THE BLOG
11/05/2014 04:46 pm ET Updated Jan 05, 2015

Obama, Please Don't Do It -- No Bad Deals With Republicans on Corporate Tax Cuts and Free Trade

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As predictably as clockwork, the pundit class is telling President Obama that to create a presidential "legacy" he needs to find bipartisan agreement with the Republican Congress on issues like free trade and cutting the corporate tax rate to "prove" Washington can govern.

And as predictably as clockwork, Obama embraced this agenda in his first post-election press conference, highlighting free trade and overhauling the corporate tax code "as areas of possible agreement with the Republican majority."

Wrong! Nothing could do more to sabotage a future progressive Democratic revival than a pro-corporate, anti-populist Kumbaya moment. Is this the "legacy" Obama will leave Democrats for the next election -- that corporate Democrats joined hands with corporate Republicans in a "bipartisan" deal to cut corporate taxes and further undermine American manufacturing?

This is would be nothing more than a disastrous replay of Obama's strategy after the 2010 midterms. After Republicans took control of the House, the same pundits told Obama that, in the middle of a recession, he should embrace Simpson-Bowles and work with Republicans to cut the deficit. Obama followed their advice. The result was the disastrous political summer of 2011 in which Obama fruitlessly tried to negotiate a deficit-cutting deal with John Boehner and ended up instead with the idiotic sequester which resulted in a decline the growth rate of the GDP (and a decline in Obama's popularity ratings).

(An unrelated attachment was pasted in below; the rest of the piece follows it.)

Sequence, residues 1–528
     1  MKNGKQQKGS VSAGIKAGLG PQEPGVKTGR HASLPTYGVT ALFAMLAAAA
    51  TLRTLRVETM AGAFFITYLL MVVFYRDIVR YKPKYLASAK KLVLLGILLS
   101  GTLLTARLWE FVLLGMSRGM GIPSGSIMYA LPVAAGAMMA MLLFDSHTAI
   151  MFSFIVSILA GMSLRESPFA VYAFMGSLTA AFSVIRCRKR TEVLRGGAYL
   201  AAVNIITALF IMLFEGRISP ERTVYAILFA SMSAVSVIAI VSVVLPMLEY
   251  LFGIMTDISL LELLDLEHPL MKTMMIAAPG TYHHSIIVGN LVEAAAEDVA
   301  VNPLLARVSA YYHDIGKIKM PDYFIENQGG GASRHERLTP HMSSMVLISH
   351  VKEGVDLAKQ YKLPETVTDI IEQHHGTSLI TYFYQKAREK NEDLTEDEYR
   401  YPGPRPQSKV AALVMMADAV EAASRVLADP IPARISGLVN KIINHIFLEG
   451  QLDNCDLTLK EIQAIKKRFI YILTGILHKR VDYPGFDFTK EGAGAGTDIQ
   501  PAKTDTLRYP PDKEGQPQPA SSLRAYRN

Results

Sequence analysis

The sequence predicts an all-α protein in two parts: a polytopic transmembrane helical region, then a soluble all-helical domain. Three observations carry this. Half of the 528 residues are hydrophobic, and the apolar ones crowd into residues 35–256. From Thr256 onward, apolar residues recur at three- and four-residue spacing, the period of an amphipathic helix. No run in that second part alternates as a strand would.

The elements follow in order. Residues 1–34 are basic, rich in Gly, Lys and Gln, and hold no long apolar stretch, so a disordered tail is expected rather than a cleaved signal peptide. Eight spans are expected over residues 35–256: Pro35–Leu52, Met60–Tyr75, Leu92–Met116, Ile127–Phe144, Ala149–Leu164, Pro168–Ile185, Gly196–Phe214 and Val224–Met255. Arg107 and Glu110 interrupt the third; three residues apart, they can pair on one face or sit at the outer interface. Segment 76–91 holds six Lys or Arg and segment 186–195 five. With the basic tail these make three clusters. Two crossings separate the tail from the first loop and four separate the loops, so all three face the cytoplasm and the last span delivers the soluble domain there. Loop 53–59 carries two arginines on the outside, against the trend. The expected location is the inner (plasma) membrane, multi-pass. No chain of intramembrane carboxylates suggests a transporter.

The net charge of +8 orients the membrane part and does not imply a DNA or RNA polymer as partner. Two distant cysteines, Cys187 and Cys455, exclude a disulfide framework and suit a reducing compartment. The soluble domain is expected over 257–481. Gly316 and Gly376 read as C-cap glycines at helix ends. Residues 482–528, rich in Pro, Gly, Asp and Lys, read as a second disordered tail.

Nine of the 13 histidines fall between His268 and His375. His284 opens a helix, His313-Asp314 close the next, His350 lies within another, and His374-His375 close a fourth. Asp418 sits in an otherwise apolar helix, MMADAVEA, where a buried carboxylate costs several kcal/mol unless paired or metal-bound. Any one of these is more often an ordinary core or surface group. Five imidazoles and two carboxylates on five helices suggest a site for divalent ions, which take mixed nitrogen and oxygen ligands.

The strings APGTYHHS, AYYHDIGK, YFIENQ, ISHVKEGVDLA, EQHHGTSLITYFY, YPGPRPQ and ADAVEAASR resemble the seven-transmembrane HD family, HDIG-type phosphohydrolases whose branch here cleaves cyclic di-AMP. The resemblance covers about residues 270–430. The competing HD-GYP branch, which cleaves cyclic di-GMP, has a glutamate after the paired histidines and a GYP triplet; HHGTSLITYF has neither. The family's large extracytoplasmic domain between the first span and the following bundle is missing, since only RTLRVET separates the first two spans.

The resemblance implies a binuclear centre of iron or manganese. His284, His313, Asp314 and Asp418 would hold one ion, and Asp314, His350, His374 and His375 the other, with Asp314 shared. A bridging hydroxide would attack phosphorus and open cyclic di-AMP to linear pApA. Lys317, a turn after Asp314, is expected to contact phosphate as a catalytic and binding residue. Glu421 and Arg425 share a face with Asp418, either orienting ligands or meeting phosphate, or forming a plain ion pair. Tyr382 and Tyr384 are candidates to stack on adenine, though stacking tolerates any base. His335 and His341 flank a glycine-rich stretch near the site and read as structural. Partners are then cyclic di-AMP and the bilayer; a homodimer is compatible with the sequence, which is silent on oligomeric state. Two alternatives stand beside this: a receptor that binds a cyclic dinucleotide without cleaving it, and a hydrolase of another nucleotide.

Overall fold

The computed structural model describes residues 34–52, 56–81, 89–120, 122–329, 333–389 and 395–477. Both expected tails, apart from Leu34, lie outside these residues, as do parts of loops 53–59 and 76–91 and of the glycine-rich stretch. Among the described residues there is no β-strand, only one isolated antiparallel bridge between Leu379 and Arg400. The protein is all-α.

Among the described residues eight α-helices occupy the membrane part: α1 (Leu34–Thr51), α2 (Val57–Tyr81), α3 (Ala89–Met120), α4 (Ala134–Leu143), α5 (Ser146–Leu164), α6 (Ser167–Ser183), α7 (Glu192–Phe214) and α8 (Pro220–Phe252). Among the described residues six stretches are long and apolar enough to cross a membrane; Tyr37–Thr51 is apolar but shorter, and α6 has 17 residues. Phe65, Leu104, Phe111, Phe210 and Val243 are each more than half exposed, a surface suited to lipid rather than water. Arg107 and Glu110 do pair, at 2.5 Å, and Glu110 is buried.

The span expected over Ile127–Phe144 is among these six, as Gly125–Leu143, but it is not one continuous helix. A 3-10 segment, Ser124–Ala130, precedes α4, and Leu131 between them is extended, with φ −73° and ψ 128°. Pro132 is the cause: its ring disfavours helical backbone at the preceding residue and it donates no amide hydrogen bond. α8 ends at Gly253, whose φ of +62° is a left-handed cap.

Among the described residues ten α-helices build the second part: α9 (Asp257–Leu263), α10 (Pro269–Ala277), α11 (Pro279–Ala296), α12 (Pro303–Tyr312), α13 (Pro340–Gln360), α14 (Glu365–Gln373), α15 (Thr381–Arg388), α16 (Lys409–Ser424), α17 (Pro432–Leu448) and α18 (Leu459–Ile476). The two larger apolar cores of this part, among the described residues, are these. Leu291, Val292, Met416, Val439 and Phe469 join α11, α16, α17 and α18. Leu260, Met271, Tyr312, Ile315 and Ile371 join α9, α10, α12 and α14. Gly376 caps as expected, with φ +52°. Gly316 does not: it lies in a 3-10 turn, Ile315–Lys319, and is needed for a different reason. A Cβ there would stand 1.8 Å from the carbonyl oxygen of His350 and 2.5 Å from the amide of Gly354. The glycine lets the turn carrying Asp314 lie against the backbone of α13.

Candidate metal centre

Middle-class wages continued to stagnate, which played no small role in the disgust against government which helped fuel the 2014 Republican victory.

If Obama doesn't want his legacy to be a conservative Republican successor as president in 2016, he should vigorously resist this path of pro-corporate "bipartisan" consensus.

He should use his executive authority to reform immigration, fight climate change, limit the role of money in politics, and limit the invasion of privacy by the national security state.

Obama has a choice -- he can continue to follow the advice of the corporate pundit class. Or he can use what powers he has left to create a progressive legacy. Given Obama's history to date, I'd bet on the former, but pray for the latter.